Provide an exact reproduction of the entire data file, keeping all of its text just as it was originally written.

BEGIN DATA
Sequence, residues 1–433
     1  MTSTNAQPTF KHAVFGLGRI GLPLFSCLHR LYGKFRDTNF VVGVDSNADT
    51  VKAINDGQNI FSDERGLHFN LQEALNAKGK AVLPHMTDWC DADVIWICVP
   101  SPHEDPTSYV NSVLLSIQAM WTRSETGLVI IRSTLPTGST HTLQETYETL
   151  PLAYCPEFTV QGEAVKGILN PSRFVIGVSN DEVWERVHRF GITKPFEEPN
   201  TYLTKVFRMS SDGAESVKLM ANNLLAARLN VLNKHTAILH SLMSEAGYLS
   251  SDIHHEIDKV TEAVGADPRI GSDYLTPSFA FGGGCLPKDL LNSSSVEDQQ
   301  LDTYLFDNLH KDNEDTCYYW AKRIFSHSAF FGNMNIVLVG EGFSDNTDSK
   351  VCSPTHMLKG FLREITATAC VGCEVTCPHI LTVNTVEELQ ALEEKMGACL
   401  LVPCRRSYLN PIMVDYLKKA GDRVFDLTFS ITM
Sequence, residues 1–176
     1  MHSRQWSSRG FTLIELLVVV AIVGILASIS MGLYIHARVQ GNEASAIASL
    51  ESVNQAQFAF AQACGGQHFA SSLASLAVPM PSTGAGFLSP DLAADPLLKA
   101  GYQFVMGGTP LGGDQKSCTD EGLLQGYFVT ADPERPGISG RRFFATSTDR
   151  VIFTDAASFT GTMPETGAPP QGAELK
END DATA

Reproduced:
Sequence, residues 1–433
     1  MTSTNAQPTF KHAVFGLGRI GLPLFSCLHR LYGKFRDTNF VVGVDSNADT
    51  VKAINDGQNI FSDERGLHFN LQEALNAKGK AVLPHMTDWC DADVIWICVP
   101  SPHEDPTSYV NSVLLSIQAM WTRSETGLVI IRSTLPTGST HTLQETYETL
   151  PLAYCPEFTV QGEAVKGILN PSRFVIGVSN DEVWERVHRF GITKPFEEPN
   201  TYLTKVFRMS SDGAESVKLM ANNLLAARLN VLNKHTAILH SLMSEAGYLS
   251  SDIHHEIDKV TEAVGADPRI GSDYLTPSFA FGGGCLPKDL LNSSSVEDQQ
   301  LDTYLFDNLH KDNEDTCYYW AKRIFSHSAF FGNMNIVLVG EGFSDNTDSK
   351  VCSPTHMLKG FLREITATAC VGCEVTCPHI LTVNTVEELQ ALEEKMGACL
   401  LVPCRRSYLN PIMVDYLKKA GDRVFDLTFS ITM
Sequence, residues 1–176
     1  MHSRQWSSRG FTLIELLVVV AIVGILASIS MGLYIHARVQ GNEASAIASL
    51  ESVNQAQFAF AQACGGQHFA SSLASLAVPM PSTGAGFLSP DLAADPLLKA
   101  GYQFVMGGTP LGGDQKSCTD EGLLQGYFVT ADPERPGISG RRFFATSTDR
   151  VIFTDAASFT GTMPETGAPP QGAELK